“Dated kitchens–just like bathrooms–are a major barrier for resale. Buyers want modern amenities and styling, and most aren’t interested in renovating post-purchase.”
Kitchen remodels can be pricey, with many complete remodels costing $20,000 or more. But not every kitchen needs a full remodel. There are many smaller projects that will help buyers see themselves trying their favoritePinterestrecipe in your home! Here are a couple ofproject ideasthat, if you’re handy or know someone who is, could end up boosting your home’s value without breaking the bank:
Are the cabinets in good shape but need an update? A new coat of paint and some updated hardware will instantly freshen up the space and drastically change the feel of the room all for under $300.
A new backsplash to match the freshly painted cabinets updates the space and adds some style while staying under $200, depending on the size of the room.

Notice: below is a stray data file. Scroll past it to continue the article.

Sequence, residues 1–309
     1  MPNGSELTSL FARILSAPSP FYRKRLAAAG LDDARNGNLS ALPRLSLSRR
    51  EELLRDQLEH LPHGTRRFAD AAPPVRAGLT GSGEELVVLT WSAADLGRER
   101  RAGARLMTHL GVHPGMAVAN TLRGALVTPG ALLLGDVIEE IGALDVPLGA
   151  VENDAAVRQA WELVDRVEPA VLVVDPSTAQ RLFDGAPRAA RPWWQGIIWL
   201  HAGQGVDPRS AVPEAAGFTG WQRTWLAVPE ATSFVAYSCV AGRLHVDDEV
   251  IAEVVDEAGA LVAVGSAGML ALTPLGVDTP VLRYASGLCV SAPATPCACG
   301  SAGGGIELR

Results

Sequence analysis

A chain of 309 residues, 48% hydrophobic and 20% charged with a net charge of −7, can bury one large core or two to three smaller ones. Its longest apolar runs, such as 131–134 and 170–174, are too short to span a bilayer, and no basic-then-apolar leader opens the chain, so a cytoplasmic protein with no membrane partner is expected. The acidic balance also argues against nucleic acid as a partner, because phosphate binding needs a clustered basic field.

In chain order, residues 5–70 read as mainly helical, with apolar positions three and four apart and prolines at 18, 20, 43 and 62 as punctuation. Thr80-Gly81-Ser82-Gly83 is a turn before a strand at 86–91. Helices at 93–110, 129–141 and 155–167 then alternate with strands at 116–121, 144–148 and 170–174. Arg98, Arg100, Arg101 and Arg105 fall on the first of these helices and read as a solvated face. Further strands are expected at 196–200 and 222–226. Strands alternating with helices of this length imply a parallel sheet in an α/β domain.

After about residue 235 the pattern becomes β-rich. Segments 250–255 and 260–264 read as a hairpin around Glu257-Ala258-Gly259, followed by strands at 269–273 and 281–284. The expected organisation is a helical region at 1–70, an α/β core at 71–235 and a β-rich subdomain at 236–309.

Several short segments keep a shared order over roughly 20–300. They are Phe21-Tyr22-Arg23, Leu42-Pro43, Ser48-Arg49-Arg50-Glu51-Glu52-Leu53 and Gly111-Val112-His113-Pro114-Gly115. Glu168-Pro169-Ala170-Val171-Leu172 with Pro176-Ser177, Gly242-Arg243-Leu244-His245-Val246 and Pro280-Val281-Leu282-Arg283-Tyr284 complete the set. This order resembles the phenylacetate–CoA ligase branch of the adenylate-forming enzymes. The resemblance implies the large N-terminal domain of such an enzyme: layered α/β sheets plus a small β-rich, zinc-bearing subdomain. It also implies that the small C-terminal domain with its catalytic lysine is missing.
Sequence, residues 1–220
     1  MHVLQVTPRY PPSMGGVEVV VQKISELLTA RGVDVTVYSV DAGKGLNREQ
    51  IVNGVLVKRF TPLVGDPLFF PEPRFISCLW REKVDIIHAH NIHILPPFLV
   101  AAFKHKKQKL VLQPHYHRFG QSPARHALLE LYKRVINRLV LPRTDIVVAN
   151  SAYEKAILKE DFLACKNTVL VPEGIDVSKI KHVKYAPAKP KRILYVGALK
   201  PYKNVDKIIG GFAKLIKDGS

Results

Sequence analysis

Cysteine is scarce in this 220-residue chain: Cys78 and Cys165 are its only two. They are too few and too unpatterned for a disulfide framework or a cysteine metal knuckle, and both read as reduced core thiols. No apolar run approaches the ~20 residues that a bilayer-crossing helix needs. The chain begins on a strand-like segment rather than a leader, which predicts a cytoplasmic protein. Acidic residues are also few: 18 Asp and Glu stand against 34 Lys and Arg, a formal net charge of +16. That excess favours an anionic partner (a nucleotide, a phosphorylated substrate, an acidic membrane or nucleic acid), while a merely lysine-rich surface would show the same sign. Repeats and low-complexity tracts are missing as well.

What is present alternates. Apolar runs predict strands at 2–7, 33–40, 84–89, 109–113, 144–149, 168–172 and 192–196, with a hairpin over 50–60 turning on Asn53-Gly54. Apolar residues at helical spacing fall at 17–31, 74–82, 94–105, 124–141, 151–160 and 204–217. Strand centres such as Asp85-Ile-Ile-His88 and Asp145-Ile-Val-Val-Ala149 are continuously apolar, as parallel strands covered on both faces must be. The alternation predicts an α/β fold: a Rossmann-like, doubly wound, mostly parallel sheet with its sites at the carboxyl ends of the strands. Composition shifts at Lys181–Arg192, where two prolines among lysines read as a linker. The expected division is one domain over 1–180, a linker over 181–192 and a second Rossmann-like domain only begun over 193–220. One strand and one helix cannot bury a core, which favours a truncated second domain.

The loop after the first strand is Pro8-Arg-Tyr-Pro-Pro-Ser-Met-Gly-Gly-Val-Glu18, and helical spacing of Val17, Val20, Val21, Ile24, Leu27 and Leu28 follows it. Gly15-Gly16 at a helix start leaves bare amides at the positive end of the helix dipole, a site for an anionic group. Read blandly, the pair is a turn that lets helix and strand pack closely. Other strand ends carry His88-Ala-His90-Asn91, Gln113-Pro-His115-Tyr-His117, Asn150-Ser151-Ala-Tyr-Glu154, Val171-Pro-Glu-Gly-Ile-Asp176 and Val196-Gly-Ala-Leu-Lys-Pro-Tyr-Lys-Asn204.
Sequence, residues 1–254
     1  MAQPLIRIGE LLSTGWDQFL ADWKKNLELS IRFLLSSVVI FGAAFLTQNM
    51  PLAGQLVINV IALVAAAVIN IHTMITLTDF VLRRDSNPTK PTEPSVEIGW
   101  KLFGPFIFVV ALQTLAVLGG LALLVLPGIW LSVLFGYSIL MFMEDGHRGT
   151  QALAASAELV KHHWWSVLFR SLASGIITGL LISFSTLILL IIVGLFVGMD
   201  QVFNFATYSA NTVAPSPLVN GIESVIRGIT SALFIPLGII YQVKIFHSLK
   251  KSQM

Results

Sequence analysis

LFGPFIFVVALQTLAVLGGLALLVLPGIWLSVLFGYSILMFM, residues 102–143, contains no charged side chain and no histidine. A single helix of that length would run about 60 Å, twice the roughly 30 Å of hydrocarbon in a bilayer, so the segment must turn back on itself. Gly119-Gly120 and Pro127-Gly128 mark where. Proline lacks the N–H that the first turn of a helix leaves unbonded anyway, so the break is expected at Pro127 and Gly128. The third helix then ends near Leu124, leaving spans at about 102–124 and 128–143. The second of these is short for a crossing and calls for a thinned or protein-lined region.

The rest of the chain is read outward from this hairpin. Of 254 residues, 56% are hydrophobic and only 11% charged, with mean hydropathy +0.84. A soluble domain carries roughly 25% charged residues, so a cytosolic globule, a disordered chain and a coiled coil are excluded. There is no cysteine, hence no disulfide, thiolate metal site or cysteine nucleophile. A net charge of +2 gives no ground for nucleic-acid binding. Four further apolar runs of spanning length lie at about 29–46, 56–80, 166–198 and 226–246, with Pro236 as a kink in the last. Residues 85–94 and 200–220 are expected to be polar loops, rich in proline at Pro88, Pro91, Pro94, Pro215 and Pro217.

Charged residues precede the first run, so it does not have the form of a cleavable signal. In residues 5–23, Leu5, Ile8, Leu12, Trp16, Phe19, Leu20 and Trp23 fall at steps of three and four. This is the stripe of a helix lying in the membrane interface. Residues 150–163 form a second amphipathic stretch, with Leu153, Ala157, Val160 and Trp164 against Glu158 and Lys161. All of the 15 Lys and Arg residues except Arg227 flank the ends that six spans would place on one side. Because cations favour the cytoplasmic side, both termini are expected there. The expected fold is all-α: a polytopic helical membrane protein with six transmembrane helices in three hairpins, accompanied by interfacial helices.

If the kitchen seems dark, consider adding LED under cabinet lighting for around $40.
If replacing the countertops in the kitchen isn’t within your budget, consider using a top coat to cover the current countertops.
If you decide to complete a full remodel of your outdated kitchen, you can expect a 67% return on a $30,000 upgrade(the national median cost).The benefits of a kitchen remodel aren’t purely financial,accordingtoHouselogic:
“Eighty-two percent of homeowners said their updated kitchen gave them a greater desire to be at home, and 95% were happy or satisfied with the result.”
Kitchens and bathrooms are often make or break for buyers when touring a home or searching through photo galleries online. Consult a local real estate professional who can help you identify which small projects could pay off big!